For us, it is the charismatic characters, iconic figureheads, and unsung heroes who truly shape British history. Those not only committed to mastering their profession but capable of completely rewriting its principles, and in turn, sparking a new wave of thought throughout a nation.
Photographer Cecil Beaton did just that.
Beaton’s outstanding wartime work for the MOD amounted to seven thousand photographs, which now form part of IWM’s outstanding collection of war photography. It is a truly extraordinary body of work which we at Realm and Empire feel privileged and proud to feature a very small part of as its own capsule collection.
Mr Churchill Henley Tee (Angora)
It wasn’t unusual for the photographer’s lens to focus on the British Prime Minister. This magnificent image features a steadfast Churchill, inspecting the Alamein position, during his visit to the Western Desert. Upon his head sits a British India Pattern Sun Helmet – or “Bombay Bowler” as it was known - highly popular with British regiments in North Africa at this time.
Famously, after this campaign, Churchill wrote: “Before Alamein we never had a victory. After Alamein, we never had a defeat.
Cecil Beaton Tank Driver Tee (Angora)
Perhaps it was his earlier experience photographing society's elite that prompted Beaton to recreate classical portrait shots within the unusual arena of war. Typical portrait photography was used to accentuate the expression, personality and mood of the subject. By focusing on the human emotion that thrived behind the great machine of war, Beaton’s work became instrumental to Britain’s Second World War propaganda.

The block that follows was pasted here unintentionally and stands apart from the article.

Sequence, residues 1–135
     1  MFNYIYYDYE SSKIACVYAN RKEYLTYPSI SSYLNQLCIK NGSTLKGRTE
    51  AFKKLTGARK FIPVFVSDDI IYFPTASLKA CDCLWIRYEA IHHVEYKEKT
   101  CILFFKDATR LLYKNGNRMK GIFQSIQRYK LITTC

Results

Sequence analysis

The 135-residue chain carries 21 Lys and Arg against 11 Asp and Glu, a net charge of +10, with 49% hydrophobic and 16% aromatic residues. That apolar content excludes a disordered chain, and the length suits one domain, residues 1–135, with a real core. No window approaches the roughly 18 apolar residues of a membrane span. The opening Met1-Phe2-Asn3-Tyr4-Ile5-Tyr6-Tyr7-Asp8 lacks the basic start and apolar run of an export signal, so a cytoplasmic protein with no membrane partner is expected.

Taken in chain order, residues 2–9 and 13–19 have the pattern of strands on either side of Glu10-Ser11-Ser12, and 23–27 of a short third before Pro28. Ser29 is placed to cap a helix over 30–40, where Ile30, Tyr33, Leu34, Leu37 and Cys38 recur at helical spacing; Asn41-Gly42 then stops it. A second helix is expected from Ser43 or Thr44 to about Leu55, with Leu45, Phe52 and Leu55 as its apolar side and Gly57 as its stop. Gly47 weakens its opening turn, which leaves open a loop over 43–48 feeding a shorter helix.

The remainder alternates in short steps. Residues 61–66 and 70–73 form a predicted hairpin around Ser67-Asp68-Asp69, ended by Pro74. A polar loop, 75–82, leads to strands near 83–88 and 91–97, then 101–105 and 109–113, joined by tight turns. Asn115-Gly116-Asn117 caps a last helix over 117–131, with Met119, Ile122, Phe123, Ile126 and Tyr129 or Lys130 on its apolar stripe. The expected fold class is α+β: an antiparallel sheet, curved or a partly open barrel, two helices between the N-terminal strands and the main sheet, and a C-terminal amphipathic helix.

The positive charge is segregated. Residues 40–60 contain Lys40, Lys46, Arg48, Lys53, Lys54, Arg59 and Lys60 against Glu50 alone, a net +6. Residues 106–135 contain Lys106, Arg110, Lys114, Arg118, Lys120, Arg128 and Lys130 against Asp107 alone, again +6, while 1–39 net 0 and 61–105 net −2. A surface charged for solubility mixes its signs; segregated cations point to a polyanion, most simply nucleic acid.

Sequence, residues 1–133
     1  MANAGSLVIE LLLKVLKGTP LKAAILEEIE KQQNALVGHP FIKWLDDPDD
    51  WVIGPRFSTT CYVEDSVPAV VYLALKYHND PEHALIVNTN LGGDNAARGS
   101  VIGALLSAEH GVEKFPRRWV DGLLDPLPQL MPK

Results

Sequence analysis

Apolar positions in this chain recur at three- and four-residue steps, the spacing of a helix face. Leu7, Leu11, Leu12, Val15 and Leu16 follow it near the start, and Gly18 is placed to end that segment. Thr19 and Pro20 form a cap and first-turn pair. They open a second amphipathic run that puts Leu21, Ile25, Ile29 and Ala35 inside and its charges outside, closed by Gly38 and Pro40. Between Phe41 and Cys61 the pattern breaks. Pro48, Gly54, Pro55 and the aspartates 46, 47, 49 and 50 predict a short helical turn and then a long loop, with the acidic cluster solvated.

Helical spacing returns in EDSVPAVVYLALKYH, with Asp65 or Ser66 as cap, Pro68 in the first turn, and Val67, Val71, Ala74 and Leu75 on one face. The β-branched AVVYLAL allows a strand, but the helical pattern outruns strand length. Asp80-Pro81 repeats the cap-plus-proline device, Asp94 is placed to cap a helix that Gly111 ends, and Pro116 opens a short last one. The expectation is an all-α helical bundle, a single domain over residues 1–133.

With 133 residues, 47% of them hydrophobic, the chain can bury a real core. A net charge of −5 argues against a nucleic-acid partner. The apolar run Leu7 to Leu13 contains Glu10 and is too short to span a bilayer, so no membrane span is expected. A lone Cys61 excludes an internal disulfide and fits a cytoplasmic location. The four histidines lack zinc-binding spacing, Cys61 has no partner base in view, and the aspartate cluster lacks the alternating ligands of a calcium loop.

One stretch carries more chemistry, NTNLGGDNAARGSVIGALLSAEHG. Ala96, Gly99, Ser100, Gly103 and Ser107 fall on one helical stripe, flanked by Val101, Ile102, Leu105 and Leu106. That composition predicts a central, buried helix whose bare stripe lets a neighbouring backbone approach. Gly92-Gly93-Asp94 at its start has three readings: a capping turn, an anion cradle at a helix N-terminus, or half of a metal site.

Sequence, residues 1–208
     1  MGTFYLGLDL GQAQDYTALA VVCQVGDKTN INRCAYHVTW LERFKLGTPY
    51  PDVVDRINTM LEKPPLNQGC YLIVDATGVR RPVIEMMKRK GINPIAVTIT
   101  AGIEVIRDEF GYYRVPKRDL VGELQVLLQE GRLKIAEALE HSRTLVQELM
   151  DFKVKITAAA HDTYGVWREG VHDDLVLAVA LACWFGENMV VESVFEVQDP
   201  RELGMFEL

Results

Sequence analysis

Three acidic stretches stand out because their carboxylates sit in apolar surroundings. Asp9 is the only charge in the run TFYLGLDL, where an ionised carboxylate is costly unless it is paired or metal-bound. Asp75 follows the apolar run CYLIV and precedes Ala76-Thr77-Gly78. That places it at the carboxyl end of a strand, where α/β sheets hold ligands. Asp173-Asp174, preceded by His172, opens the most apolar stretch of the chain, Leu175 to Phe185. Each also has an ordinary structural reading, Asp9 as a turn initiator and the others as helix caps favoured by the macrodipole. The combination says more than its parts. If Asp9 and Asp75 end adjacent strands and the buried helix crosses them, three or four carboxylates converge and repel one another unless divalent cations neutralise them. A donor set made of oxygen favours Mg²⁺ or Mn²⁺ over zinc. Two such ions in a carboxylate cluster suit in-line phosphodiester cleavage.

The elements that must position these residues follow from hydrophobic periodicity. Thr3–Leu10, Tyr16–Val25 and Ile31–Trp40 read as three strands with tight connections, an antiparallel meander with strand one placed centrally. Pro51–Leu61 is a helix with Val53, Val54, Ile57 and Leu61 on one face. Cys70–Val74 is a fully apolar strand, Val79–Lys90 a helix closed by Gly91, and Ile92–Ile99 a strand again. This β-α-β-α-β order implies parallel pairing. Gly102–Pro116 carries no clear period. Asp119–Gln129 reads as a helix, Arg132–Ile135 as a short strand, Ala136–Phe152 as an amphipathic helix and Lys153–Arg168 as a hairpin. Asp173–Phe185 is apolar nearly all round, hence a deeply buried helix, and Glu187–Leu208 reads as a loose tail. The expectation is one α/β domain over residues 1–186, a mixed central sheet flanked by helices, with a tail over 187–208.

Digitally printed, this design incorporates Beaton’s striking portrait of a British tank driver peering out of his Grant tank during the North African campaign.
Cecil Beaton Airspeed Oxford Tee (Angora)
Not everyone is aware that famous author Neville Shute (On the Beach, A Town Like Alice) was also a successful aeronautical engineer. His original 1931 design, the Airspeed Oxford, played an instrumental role in the Second World War training thousands of aircraft crew in the SFTS (Service Flying Training School).
We’ve carefully dug out a shot from the collection that shows RAF ground crew servicing one of these magnificent machines. Affectionately nicknamed the ‘Oxbox’, Beaton celebrates its accolade as the first twin-engine monoplane by framing the shot with the plane’s circular engine cowling. It’s certainly a high-flying success with us.
Cecil Beaton Sandstorm Tee (Angora)
Beaton had the inimitable ability to find photogenic beauty in the most unlikely situations, as seen here with this poignant image of a Western Desert sandstorm prior to the Battle of El Alamein in 1942. The main focus of the shot shows a man battling through the blistering wind of a sand storm to seek refuge in his tent.
Cecil Beaton Cockpit Tee (Angora)
The very first Vickers Wellington night bomber unit was put together in the mid-1930s. Its motto: Fortis Nocte – meaning, ‘strong by night’, dictated its primary purpose.
Just a decade later, the Wellington would become one of the most celebrated aircraft in British history, leading the offensive and providing vital support during the first bombing raids. This portrait shows pilots of the No 149 Squadron in the cockpit of their Vickers Wellington Bomber, taken at RAF Mildenhall in 1941.
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